At the age of 16 I gave up.  The age of rebellion against all things childish.  I had been singing since I could remember and didn't really know why I was doing it.  It had to be rejected in order to be embraced with awareness.  My parents didn't say a word.  They sat it out.  Within 6 months I was asking for another teacher.   Luckily I found Jean Allister in Leeds and she took me seriously as a young woman and as a musician.  

Whilst at school I took weekly percussion lessons with the peripetetic teacher for Rotherham Local education Authority, former principle percussionist with Grimethorpe Colliery Band, Len Addy and played percussion in the local youth orchestras, brassed bands and Gilbert and Sullivan Societies.  This was an invaluable and most enjoyable practical addition to my musical training.

My A level music teacher at Thomas Rotherham Sixth Form College was Sybil Pentith.  Academically rigorous and a passionate teacher, she took our small music class of half a dozen students way beyond the bounds of the syllabus. Constantly arousing our curiosity and expanding our horizons she surprised us with music of all ages and genres.  The first time I heard a harpsichord was when she invited her old friend Alan Cuckson to come and play Domenico Scarlatti for us in our classroom.  I still remember the sheer visceral pleasure of that experience.

I was offered an undergraduate place at the Royal Academy of Music in London but was advised by Constance Shacklock who was sitting on the admissions panel not to take it.  If I was clever enough to get into University I should do that and go on to music college later.  Wise words indeed.  I spent 3 truly blissful years at Manchester University reading musicology with inspiring scholars, among them David Fanning (Schostakovich) David Fallows (Dufay), James MacMillan (composer), Keith Elcombe (Bach), the much loved Professor Ian Kemp (Hindemith, Weill, Berlioz and Tippett)) and the Lindsay String Quartet.  During this time I continued my singing lessons with Jean Allister in Leeds.  I graduated with a first class honours degree in Music.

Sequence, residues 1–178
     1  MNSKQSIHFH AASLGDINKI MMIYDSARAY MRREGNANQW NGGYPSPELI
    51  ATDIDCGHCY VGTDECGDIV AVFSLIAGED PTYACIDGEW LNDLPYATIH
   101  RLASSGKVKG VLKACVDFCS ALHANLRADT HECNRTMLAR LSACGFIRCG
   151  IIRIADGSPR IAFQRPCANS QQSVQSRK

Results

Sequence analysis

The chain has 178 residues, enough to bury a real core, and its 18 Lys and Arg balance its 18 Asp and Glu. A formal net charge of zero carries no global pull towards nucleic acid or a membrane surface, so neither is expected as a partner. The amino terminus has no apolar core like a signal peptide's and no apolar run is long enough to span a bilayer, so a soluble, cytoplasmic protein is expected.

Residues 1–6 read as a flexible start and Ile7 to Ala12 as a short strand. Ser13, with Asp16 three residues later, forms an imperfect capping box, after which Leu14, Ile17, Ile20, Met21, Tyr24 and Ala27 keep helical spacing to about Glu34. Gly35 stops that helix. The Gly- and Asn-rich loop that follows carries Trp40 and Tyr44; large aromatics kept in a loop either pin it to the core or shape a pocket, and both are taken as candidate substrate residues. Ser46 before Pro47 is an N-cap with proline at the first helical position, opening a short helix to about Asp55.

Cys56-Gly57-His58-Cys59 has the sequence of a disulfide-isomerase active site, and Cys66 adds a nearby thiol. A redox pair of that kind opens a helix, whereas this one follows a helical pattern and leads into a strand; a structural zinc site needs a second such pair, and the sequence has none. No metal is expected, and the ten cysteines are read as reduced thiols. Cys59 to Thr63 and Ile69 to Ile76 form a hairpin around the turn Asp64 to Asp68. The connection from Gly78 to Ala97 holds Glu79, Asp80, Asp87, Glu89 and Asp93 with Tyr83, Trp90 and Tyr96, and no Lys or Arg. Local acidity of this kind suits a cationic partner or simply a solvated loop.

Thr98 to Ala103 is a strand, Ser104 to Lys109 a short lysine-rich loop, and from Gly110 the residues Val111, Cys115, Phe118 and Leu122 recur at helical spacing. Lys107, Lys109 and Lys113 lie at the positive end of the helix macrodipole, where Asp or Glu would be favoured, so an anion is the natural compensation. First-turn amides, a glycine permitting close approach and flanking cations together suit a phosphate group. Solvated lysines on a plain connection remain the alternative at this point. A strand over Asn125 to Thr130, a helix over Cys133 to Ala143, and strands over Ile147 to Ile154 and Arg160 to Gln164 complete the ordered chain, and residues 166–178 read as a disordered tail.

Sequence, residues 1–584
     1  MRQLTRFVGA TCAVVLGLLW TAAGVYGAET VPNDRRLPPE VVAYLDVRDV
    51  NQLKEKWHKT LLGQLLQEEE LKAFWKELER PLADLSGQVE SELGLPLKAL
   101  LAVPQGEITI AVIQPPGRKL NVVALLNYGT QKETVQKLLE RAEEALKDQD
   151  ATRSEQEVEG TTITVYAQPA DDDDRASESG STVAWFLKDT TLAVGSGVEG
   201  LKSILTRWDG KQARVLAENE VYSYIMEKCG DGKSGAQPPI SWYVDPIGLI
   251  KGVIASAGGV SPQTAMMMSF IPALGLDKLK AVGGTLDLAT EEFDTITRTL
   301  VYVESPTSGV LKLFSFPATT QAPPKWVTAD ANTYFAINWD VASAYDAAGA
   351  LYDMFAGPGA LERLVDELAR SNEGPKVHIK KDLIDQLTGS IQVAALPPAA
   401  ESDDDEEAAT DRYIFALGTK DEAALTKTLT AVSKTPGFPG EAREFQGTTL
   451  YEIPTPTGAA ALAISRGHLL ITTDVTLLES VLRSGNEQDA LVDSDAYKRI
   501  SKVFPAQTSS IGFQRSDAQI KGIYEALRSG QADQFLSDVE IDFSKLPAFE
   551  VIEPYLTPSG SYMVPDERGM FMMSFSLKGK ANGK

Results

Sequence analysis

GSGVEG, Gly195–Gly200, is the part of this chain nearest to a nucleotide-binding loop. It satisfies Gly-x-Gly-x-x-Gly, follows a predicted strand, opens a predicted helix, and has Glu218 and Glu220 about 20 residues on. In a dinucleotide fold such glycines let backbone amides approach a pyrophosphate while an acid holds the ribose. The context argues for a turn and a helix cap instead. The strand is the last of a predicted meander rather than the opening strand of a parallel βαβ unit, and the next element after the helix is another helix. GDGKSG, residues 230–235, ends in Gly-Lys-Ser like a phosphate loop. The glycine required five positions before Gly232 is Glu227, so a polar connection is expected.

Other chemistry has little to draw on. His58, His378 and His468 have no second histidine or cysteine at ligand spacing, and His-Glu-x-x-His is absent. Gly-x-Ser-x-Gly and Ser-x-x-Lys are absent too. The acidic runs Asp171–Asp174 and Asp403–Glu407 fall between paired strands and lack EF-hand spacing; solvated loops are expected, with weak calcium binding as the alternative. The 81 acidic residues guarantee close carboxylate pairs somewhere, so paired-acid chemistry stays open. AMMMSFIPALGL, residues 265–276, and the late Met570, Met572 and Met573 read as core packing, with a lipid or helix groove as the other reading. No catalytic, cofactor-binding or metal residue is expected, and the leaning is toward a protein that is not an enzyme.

With a Countess of Munster Award and a full scholarship I took the plunge and went to London to study as a post graduate voice student for 1 year at the Guildhall School of Music and Drama.  There I began working with Laura Sarti.

Laura born in Trieste.  She was a teacher with character, a great ear and sense of style.  She was steeped in the bel canto tradition and had studied with Luce Manén, whose influential book The Art of Singing published in 1974 remains an important landmark in the history of vocal pedagogy.  I studied with Laura for 9 years. 

By this time I was starting to have a flourishing career flying here, there and everywhere and working with with fine artists in repertoire I loved.  Life as a busy touring performer covering a wide range of repertoire in all sorts of acoustical spaces was thrilling and demanding but I wanted more concrete technical information. Lucie Manén had been a pioneering researcher into the technique of bel canto and I was eager to catch up with current research.

At this point I sought out the Australian singing teacher Janice Chapman who was at the time teaching at her private studio and involved in interdisciplinary research in London. We worked closely together for the next 7 years and I endeavoured to draw upon her expertise and immediatley put it into practise making music.  Her book Singing and teaching singing, a holistic approach to the classical voice now republished in its third edition is an eloquent summary of this valuable work.

As a teacher I draw on the wealth of knowledge I have garnered from all these people over the years, the many musicians I have had the pleasure to make music with and my own experience and insight into this fascinating art form.